Almost 10 years of social grants fail to uplift stunted children
Social grants, the most important source of income in millions of poor households, have not improved the nutritional status of children since their introduction in 1998.
A survey of children's weight and height - key indicators of nutritional health - by the Centre of Excellence in Food Security at the University of the Western Cape says "there has been very little improvement in the 20 years since the transition to democracy".
One in four children is stunted, and the rate of chronic malnutrition remains stubbornly high, at 20% or above.
Lead researcher Stephen Devereux said: "I was very shocked to find that malnutrition would be so high, especially in a middle-income country. The grants should cover children's basic needs, but clearly don't."
The fact that malnutrition had not improved in 20 years was doubly shocking. "The grants are a social response to an economic problem. They are vital and are keeping people alive," he said. "But it is now clear we need a much more concentrated effort for better nourished children."
Gugulethu mother Zukiswa Khetshe said she was grateful for the R380-a-month child-support grant.
"Half a loaf is better than nothing. It upsets me when people say it is for the children but that the parents take it. Nobody wants to see a child go hungry. To make it last we buy things like pap and maize."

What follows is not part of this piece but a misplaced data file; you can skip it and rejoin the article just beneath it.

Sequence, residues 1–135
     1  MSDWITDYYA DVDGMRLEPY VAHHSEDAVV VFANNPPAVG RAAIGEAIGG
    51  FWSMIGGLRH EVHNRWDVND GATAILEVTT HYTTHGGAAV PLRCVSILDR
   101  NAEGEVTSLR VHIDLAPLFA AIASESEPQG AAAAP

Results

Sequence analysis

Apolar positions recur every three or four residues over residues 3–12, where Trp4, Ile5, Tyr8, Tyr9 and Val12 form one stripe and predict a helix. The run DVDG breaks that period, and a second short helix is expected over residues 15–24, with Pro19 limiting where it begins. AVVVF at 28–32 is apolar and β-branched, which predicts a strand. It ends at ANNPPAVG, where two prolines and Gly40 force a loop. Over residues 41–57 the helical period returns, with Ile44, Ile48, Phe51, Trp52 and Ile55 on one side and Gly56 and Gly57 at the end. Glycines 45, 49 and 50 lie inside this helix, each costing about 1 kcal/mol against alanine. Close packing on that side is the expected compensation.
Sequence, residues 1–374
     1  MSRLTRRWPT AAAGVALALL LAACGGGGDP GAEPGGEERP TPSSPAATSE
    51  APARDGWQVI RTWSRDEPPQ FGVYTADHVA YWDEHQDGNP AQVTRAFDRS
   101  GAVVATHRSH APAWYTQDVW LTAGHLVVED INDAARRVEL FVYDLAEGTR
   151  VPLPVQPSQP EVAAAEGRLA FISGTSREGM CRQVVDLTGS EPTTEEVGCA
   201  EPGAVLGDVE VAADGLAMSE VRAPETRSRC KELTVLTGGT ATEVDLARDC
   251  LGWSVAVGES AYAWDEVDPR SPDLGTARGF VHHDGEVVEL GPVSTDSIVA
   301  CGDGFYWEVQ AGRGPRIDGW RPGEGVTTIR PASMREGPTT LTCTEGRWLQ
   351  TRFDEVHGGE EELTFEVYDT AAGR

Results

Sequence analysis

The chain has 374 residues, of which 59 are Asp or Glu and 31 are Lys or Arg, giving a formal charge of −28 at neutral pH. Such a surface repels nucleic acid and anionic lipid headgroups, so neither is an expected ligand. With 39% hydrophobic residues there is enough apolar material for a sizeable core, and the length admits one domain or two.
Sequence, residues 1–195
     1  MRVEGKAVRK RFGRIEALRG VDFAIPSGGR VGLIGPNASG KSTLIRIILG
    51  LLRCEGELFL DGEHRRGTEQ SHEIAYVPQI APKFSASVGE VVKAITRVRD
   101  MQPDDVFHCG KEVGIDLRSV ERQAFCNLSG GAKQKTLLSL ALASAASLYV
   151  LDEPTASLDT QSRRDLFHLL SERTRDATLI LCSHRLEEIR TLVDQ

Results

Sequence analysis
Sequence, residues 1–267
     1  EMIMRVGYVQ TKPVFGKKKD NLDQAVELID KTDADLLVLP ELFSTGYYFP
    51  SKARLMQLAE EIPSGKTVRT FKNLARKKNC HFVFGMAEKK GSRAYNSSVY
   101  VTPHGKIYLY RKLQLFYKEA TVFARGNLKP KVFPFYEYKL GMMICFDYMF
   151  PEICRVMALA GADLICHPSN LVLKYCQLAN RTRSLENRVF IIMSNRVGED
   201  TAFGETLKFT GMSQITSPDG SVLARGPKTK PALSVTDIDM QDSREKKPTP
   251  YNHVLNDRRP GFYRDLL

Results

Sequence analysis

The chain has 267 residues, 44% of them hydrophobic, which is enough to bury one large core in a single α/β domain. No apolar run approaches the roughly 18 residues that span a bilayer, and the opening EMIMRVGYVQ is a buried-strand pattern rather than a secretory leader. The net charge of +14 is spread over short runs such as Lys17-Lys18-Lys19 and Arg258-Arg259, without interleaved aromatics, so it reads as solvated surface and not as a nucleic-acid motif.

Because of other basic needs in poor households, not all the money goes on food, and food high in nutrition is not always easy to come by.
For JAM South Africa, an organisation working to reduce child hunger, this was a red flag to come up with a scientific formula.
Founder Peter Pretorius said: "If we do not feed the flames of change today, we're headed towards a state of disaster. People didn't think we could feed a child for less than R2 a day, but we did it. We produced our own formula."
JAM's formulated porridge contains 75% of a child's daily requirements of macro- and micro-nutrients, and is served to more than 85,000 children in signature bright red bowls.
For Phindi Mkhuma, who works for the Tshepang Educare Trust in the rural eastern Free State's Bohlokong region, five food gardens at childcare centres show a way forward.
"We planted pumpkins, beetroot, carrots, spinach and tomatoes. The children also get involved in watering the plants as we wanted to add life skills," she said.
They are now planning to get families to grow their own vegetables in tyres at their houses. "For the children of South Africa to eat healthily, it has to be everybody's business," she said.
The Department of Social Development did not respond to requests for comment.
Amount is too small to guarantee healthy kids
• The amount is too small: food price inflation has been high, and child-support grants have not kept up. The increase on April 1, for example, was 5.55%, but food inflation reached 12% in 2016 and is now at 8.7%. Adults' attempts to cope — by borrowing money, eating less so children can eat more, reducing the number of meals — aren't working;
• Dilution and deductions: the impact of a social grant is diluted when shared across a family and used for other basic, non-food needs. Also, unauthorised deductions are made from grants before recipients are paid out each month; and
• It takes more than food: child malnutrition isn't just caused by a lack of healthy food. It has underlying causes, such as inadequate care for children and women, insufficient health services, and unhealthy environments.
Taken from the Centre of Excellence in Food Security report